Damping Filter DesignWhen dispersion can be neglected (as it typically can in many cases, such as for guitar strings), we may use linear-phase filter design methods, such as provided by the functions remez, firls, and fir2 in matlab. Since strings are usually very lightly damped, such linear-phase filter designs give high quality at very low orders. Another approach is to fit a low-order IIR filter, such as by applying invfreqz to a minimum-phase version of the desired amplitude response, and then subtract the phase-response of the resulting filter from the desired phase-response used in a subsequent allpass design. (Alternatively, the phase response of the loop filter can simply be neglected, as long as tuning is unaffected. If tuning is affected, the tuning allpass can be adjusted to compensate.)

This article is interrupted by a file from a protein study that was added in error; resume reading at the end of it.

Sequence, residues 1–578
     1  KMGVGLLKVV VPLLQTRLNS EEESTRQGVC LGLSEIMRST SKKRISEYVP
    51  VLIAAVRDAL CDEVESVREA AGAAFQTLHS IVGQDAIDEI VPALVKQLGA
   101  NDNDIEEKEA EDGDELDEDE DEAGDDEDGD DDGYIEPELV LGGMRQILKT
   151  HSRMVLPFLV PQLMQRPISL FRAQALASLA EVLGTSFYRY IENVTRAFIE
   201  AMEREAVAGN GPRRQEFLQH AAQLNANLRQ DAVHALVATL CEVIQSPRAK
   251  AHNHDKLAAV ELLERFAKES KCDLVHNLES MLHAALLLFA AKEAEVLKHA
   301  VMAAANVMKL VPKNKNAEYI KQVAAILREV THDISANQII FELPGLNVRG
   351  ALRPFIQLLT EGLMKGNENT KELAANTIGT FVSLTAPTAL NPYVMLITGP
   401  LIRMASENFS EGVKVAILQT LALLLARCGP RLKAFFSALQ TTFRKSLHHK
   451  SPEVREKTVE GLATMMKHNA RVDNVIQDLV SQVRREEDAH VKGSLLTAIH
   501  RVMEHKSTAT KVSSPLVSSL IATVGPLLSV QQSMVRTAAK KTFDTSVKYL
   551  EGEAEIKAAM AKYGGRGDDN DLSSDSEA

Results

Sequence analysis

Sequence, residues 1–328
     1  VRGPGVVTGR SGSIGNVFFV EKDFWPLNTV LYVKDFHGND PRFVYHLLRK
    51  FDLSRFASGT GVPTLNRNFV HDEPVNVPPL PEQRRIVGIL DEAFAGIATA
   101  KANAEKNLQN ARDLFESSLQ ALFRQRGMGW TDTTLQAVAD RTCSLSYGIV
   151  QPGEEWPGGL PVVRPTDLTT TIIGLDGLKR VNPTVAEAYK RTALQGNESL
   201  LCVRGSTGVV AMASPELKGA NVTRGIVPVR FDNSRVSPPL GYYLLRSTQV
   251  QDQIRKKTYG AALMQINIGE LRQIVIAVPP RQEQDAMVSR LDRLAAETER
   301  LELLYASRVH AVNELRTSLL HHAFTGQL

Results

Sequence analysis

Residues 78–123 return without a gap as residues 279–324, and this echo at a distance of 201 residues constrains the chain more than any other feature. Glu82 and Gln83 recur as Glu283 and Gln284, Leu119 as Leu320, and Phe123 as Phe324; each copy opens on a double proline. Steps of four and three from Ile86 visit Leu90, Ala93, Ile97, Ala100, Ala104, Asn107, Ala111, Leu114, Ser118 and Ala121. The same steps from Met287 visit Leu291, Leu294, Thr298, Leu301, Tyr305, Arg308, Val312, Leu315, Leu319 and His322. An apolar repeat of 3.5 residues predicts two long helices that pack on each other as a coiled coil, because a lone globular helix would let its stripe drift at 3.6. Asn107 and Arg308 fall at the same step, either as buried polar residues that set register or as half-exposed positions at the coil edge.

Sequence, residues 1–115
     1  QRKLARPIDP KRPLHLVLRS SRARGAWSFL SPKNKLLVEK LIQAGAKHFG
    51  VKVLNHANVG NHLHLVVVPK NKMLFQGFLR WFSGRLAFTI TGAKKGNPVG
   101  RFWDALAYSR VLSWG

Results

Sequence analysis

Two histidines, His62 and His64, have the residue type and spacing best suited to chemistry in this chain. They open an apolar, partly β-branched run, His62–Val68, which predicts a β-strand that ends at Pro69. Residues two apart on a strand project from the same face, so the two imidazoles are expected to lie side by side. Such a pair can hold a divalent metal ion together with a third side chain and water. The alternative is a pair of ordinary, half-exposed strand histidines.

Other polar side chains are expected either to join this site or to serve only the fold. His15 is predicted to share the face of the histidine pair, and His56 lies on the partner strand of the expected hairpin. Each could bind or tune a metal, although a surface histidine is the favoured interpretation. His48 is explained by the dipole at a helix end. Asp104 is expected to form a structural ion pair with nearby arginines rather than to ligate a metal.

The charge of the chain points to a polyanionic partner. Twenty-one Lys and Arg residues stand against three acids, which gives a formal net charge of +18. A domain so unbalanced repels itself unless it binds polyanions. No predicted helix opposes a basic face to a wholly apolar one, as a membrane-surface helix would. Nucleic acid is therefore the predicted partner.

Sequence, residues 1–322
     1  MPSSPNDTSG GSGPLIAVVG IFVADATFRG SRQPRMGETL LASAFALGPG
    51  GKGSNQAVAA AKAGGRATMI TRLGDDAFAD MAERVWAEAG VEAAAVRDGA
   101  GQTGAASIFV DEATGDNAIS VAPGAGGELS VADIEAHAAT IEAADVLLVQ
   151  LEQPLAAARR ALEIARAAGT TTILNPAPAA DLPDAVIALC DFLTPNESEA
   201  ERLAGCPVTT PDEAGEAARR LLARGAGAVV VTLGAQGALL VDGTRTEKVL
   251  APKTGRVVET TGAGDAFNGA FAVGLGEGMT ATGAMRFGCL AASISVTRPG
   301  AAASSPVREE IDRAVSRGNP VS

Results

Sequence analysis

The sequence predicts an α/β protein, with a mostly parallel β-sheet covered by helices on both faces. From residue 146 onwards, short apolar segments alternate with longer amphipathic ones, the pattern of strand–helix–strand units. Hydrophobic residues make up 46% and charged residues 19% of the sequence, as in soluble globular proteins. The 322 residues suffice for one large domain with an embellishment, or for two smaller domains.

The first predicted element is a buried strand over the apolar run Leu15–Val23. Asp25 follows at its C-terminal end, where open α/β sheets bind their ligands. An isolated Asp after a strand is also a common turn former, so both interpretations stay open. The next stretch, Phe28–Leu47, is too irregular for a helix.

Dispersion Filter DesignA pure dispersion filter is an ideal allpass filter. That is, it has a gain of 1 at all frequencies and only delays a signal in a frequency-dependent manner. The need for such filtering in piano string models is discussed in §9.4.1. There is a good amount of literature on the topic of allpass filter design. Generally, they fall into the categories of optimized parametric, closed-form parametric, and nonparametric methods. Optimized parametric methods can produce allpass filters with optimal group-delay characteristics in some sense [272,271]. Closed-form parametric methods provide coefficient formulas as a function of a desired parameter such as ``inharmonicity'' . Nonparametric methods are generally based on measured signals and/or spectra, and while they are suboptimal, they can be used to design very large-order allpass filters, and the errors can usually be made arbitrarily small by increasing the order [551,369,42,41,1], [428, pp. 60,172]. In music applications, it is usually the case that the ``optimality'' criterion is unknown because it depends on aspects of sound perception (see, for example, [211,384]). As a result, perceptually weighted nonparametric methods can often outperform optimal parametric methods in terms of cost/performance . In historical order, some of the allpass filter-design methods are as follows: A modification of the method in  was suggested for designing allpass filters having a phase delay corresponding to the delay profile needed for a stiff string simulation [428, pp. 60,172]. The method of  was streamlined in . In , piano strings were modeled using finite-difference techniques. An update on this approach appears in . In , high quality stiff-string sounds were demonstrated using high-order allpass filters in a digital waveguide model. In , this work was extended by applying a least-squares allpass-design method  and a spectral Bark-warping technique  to the problem of calibrating an allpass filter of arbitrary order to recorded piano strings. They were able to correctly tune the first several tens of partials for any natural piano string with a total allpass order of 20 or less. Additionally, minimization of the norm  has been used to calibrate a series of allpass-filter sections [42,41], and a dynamically tunable method, based on Thiran's closed-form, maximally flat group-delay allpass filter design formulas (§4.3), was proposed in . An improved closed-form solution appears in  based on an elementary method for the robust design of very high-order allpass filters.